Then, he continues with the story of the diamond necklace, and how this is an excellent example of how the enemies of the Royal Family used public opinion against them to damage their reputations. Next, the author describes that Louis XVII was a good-natured boy and life had not yet been very hard on him: Thus, Louis XVII spent the first few months in the Temple prison with his father, who instructed him daily and had no doubt spoken to him about the great responsibilities that lay ahead. In addition, he discusses how the main problem was to get Louis XVII out of jail when over 500 men guarded the Temple prison. The author also recalls the nightmarish last days of the poor substitute Louis XVII boy in the Temple prison. Then, he continues by discussing the return to the city of Paris to see what has happened since the official fake news of the death (supposed death) of Lois XVII on the eighth of June 1795. Next, the author explains how there were over 100 false Louis XVIIs’ (Dauphins’) running around Europe in the early 1800s. In addition, he discusses how Charles X (who actually is Louis XVII) began his memoirs in the Temple prisonfirst his memories with his father and the manservant Clery; and, memories of his father teaching him and of the visit of the gentleman who left his father with a roll of gold coins, which meant they could buy a few extras while in jail. The author also states that Charles finally arrived in Paris on May 26, 1833almost a year after leaving Crossen (Temple prison). Then, he continues by describing how his good friend Dr. Ruby Meganck, who is an expert on visions, helped him with this book with regards to visions, which were very prevalent during this period. Next, the author discusses the events that led up to Charles (Louis XVII) being finally exiled from France; and, his death on August 10, 1845exactly fifty-three years to the day after the attack on the Palace of the Tuileries, which was the first day of prison for the Royal Family. As the story continues, he then describes how Charles’ widow survived on a small pension given to her by the loyal Percivals in England. In addition, the author states that he believes that after 40 years of working on this mystery, that it can be solved and that now it finally is.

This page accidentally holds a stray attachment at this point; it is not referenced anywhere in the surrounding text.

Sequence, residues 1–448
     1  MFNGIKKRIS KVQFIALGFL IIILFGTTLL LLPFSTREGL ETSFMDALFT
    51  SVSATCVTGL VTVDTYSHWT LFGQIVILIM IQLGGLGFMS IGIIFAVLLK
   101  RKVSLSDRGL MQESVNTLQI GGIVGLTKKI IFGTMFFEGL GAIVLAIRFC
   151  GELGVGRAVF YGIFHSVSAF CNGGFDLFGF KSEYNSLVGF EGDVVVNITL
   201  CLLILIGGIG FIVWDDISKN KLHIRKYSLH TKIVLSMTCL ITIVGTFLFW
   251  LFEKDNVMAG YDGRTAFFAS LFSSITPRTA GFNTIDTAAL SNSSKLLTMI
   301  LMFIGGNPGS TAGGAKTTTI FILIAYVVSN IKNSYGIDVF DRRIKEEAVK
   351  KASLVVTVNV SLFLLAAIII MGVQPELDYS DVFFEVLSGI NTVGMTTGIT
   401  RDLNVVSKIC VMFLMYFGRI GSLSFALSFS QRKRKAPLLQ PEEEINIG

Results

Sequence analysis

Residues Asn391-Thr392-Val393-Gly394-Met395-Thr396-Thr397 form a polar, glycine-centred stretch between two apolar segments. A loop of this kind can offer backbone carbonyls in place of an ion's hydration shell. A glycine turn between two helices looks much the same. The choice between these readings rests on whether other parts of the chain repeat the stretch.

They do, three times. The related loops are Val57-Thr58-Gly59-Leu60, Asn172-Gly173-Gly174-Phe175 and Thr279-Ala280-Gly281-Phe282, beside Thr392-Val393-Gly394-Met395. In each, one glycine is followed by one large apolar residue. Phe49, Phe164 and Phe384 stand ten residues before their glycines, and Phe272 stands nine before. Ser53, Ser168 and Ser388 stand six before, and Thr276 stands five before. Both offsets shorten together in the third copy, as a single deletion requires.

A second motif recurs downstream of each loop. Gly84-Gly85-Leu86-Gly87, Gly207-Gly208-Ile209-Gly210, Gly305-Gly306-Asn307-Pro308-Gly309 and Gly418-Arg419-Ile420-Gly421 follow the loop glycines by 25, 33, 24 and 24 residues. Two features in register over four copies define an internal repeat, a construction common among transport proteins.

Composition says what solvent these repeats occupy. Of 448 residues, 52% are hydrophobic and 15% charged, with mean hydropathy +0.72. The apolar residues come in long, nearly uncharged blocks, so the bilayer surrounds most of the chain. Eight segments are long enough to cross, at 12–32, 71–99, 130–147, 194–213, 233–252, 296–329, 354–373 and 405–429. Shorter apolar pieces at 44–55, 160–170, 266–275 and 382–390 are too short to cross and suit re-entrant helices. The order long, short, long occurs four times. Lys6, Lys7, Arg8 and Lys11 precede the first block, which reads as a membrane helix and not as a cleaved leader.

Finally, the author explains that he had an idea that DNA research could give him a positive answer; and, has appealed to the French government to correct the error that Louis XVII died on June 8, 1795, but in fact survived well beyond that date, which now stands in French history for over 220 years.
The author of this excellent book explains that there is no longer a need for the French government to keep pretending that Louis XVII died on June 8, 1795. Also, the author of this great book, explains that the French government has always known that Louis XVII did not die on that day; as well as, knowing that the death certificate was false.